You can see the cut tape of 0402 capacitors I’m going to use underneath. Make sure when you put the tape on the reel, you wind it in the correct direction – the tape sprocket holes should be on the correct side.

For example, this, turns out, was the wrong way for my machine:

Anyhow here is it wound up the right way.

This is all and good, but to properly install the reel in the pick and place machine you would need about one foot of plastic tape from the reel. The normal reels have about 30-40cm of empty space so that you can thread the tape through the mechanism. With the cut tape this means losing quite a bit of components.

Not to worry I have just the trick for you. For 8mm wide cut tape use this wonderful 3M product I found on Amazon –  0.188″ tape. The one I use looks like this:

For 12mm wide cut tape use 1/4″ 3M tape, for example, this one.

You would need to cut two pieces of sticky tape one about a foot – enough to get from your pick and place pickup to the tape collection wheel and wind on the wheel about once. The second piece about one to one and a half inch.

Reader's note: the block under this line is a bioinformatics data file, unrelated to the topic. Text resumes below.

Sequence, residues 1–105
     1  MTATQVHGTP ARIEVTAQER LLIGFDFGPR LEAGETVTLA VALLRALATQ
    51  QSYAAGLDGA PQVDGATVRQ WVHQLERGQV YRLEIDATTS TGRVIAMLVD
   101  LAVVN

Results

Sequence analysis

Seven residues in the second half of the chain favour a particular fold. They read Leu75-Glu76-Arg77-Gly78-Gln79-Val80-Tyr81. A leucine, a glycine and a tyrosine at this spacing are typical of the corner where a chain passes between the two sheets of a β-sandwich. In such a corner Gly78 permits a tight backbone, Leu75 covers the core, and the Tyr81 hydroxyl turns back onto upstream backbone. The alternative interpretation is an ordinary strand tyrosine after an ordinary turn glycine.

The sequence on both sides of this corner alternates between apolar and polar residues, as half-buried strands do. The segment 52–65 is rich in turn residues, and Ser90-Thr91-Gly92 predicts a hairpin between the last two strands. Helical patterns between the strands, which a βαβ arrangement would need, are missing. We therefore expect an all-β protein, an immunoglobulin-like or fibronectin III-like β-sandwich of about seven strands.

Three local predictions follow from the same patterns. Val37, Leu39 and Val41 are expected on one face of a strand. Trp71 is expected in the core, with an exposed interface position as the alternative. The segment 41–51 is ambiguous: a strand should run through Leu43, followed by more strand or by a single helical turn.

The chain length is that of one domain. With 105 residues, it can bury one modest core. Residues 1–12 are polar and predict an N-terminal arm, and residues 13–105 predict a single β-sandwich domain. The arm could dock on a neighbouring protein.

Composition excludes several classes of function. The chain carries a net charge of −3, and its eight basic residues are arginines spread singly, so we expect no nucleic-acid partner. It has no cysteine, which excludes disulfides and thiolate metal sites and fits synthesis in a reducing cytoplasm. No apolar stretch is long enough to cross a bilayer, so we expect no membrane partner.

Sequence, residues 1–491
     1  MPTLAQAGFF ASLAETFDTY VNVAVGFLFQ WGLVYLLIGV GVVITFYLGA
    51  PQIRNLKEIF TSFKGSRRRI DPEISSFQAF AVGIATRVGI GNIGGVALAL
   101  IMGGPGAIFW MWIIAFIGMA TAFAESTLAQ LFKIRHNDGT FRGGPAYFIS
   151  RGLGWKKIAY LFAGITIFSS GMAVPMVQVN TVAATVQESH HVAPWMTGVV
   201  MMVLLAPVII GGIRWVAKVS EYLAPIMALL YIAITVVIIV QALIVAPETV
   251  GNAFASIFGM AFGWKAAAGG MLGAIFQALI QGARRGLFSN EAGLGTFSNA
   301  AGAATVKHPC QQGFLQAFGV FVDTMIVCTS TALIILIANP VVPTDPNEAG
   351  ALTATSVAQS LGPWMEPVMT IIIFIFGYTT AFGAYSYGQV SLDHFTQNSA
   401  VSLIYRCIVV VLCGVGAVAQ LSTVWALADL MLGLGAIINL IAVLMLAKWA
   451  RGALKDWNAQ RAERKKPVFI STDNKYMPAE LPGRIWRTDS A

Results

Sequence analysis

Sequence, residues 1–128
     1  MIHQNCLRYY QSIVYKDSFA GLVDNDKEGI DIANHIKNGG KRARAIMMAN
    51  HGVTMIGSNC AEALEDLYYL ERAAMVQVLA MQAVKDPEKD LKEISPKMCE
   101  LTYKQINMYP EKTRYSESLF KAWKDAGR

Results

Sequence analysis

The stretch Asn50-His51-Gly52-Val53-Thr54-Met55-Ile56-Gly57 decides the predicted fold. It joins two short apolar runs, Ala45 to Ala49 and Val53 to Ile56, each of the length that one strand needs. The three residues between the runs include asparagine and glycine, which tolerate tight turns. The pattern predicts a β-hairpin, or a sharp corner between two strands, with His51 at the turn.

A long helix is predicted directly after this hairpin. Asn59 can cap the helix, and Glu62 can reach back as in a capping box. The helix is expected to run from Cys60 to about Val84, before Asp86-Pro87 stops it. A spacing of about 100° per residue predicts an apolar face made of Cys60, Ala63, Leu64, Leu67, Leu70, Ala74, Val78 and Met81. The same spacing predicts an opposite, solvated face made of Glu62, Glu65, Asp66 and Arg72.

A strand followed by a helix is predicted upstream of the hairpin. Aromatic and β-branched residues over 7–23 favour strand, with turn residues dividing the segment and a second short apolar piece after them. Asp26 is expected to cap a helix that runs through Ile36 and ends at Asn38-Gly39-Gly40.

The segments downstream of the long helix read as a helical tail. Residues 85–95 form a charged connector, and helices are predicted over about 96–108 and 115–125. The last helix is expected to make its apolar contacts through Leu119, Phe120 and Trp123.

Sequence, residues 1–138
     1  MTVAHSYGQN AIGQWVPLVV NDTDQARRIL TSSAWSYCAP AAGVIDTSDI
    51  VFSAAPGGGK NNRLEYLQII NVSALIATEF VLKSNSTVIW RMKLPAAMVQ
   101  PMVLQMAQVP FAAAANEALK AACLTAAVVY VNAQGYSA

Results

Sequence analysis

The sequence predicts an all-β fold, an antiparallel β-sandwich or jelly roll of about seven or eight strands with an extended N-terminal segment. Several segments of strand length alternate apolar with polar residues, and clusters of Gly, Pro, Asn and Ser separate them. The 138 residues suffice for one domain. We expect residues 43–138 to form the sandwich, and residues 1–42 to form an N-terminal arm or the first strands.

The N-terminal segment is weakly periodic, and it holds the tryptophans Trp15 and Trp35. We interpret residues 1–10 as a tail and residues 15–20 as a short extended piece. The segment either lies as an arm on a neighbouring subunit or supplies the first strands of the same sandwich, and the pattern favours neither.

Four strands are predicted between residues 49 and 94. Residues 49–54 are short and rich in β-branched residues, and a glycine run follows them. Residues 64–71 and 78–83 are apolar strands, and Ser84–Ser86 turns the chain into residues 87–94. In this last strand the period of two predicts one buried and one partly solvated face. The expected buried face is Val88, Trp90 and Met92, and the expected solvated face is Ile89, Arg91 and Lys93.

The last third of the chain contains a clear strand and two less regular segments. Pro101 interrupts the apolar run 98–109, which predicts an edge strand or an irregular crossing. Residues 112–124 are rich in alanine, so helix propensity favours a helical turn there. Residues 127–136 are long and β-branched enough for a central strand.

First you snake the longer piece of tape on the pick and place machine – follow the normal path for tape collection and make sure the tape is not twisted. I stick it a little on the collection wheel as well as on the pick and place pickup wheel.

It helps if you put the tape on the next position, where you insert the cut tape.

Now, peel off the plastic tape from the component tape for about an inch. You would lose 10-15 components – it is a worthy sacrifice. Why an inch? As you can see in the picture, I have to guide the tape about that distance to make sure it is not stuck anywhere. If your machine uses different setup adjust the length as needed. You cannot go smaller than 1/3 (one stapler size) inch though you’ll see why in a few paragraphs.

Insert the cut tape in the machine as if it was a regular tape, then tape the short piece of 3M tape over the peeled plastic tape. I use this to increase the plastic tape strength, because my machine pulls like there is no tomorrow.

Now turn the tape over and stick the long piece of tape on the opposite side.

Just like this:

Finally put a stapler on the small segment. The sticky tape alone would not hold to the pull force of the machine. The stapler would ensure the “mechanism” stays together.

Make sure you lock all 3 pieces with the stapler – the two tricky tape pieces as well as the plastic tape between them. I found that micro staples work for me. For example this Amazon item.

Here is how it should look like:

Finally, place the other end of the 3M tape over the collection wheel and pick up the slack:

Enjoy.